Pyrus nivalis, I use this tree more often than any other. I use…
A frangipani is a low-maintenance way to add a sweet scent and a hint of the tropics.
Pretty, sweetly scented flowers, non-invasive roots, low water requirements and an attractive umbrella shape make the frangipani (Plumeria) tree a welcome addition to any outdoor space, particularly modern settings or resort-style gardens. In full bloom, the branches of this small- to medium-sized tree, which grows between five and eight metres tall, are also wonderfully decorative indoors. Here’s how to make the most of this subtropical species.
Frangipanis suit gardens from Queensland to Melbourne, tolerating light frost in temperate or tropical areas. Melburnians should plant the tree in the warmest, sunniest spot of the garden, against a north- or north-west facing wall.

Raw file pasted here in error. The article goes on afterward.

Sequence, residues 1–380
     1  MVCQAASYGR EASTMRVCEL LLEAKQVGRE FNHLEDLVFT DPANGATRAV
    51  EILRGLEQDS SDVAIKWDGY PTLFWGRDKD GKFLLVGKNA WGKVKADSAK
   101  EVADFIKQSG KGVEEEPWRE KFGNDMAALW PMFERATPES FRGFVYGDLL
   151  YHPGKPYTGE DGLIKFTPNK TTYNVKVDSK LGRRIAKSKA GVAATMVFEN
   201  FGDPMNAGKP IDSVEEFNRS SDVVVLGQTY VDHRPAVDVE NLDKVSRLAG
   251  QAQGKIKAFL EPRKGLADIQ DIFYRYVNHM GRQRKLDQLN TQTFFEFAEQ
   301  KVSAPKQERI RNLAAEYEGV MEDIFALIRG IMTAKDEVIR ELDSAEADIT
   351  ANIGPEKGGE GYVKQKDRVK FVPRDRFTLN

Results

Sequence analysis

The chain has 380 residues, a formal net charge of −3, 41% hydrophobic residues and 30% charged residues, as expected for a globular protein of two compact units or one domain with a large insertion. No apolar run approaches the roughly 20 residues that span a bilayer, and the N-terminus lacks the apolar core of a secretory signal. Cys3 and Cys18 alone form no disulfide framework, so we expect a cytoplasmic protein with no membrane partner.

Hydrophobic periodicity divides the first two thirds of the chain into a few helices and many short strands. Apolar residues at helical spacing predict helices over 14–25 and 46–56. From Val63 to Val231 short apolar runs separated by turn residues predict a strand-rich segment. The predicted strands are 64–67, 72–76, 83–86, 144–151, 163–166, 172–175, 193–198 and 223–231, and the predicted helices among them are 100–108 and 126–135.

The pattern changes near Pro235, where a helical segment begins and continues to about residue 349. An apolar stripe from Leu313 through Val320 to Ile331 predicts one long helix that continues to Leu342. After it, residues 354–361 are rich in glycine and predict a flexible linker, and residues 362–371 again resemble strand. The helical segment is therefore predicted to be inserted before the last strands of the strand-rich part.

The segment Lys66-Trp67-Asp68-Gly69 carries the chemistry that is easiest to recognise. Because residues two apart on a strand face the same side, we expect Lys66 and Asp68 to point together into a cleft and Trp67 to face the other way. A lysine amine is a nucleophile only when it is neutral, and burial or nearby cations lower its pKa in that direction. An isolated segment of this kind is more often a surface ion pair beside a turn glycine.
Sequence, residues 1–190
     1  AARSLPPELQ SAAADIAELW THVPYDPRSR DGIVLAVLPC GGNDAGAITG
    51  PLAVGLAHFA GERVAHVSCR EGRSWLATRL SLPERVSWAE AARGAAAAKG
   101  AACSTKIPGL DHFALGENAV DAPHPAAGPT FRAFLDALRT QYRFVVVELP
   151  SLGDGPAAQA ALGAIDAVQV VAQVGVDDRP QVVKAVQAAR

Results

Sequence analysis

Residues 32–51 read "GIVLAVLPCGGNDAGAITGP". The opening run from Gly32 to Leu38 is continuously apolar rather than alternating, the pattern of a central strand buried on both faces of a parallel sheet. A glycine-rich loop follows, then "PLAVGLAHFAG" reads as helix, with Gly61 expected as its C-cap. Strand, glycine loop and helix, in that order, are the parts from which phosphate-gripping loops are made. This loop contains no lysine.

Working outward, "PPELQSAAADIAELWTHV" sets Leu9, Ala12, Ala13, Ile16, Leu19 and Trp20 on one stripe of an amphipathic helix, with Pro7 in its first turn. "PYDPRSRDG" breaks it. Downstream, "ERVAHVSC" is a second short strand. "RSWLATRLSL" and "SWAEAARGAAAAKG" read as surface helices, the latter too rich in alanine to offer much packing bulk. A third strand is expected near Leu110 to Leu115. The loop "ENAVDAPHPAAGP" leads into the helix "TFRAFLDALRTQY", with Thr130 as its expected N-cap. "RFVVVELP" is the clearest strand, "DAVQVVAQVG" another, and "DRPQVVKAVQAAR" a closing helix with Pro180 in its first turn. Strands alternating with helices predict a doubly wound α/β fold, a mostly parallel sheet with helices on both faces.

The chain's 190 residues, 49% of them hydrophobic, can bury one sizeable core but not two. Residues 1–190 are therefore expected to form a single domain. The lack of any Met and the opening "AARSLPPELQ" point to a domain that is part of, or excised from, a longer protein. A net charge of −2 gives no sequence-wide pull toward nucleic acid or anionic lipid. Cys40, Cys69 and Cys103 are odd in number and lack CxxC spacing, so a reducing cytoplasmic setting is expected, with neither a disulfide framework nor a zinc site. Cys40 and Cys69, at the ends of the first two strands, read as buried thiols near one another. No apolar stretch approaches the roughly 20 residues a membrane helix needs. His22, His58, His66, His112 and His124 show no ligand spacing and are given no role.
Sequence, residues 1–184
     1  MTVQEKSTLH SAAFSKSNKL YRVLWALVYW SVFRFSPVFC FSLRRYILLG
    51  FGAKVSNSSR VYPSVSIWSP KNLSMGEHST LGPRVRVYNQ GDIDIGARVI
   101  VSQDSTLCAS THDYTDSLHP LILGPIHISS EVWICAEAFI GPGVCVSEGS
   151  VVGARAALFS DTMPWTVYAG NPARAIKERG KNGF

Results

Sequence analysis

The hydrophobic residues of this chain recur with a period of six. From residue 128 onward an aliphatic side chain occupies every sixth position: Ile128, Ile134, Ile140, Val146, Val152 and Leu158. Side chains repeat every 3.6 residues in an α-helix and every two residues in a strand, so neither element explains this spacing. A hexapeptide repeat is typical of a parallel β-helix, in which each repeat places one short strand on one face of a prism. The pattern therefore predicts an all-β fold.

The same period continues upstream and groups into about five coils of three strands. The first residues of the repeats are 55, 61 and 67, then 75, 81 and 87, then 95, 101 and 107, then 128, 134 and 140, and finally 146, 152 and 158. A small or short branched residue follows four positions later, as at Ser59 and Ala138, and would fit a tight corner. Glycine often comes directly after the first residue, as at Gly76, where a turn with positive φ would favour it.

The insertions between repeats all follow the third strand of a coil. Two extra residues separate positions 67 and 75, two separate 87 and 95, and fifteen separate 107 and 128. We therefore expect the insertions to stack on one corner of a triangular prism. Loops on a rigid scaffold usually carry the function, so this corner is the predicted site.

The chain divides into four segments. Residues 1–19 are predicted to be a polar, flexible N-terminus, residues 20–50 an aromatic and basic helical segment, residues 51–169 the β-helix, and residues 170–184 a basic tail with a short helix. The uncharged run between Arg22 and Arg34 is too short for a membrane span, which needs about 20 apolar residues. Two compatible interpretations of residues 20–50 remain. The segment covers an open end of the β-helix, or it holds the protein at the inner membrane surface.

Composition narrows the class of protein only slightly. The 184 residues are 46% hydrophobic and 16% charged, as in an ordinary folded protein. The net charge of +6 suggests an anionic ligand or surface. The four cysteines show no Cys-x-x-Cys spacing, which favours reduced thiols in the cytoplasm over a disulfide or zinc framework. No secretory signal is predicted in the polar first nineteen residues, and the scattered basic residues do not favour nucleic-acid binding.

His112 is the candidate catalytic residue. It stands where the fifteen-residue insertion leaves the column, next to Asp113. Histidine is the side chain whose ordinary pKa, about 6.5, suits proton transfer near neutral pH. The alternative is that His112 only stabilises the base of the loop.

One thing frangipanis won’t tolerate is cold, constantly wet soil, so to improve soil drainage, add organic material, break up any clay or install ag-lines (agricultural pipes that assist in draining away water).
Place a frangipani in a focal point in the garden as a feature tree, and surround the base with gravel or pebbles in a cream or charcoal colour. This will set off the shape of the winter branches as well as the mass of green leaves and beautiful, fragrant blooms in summer.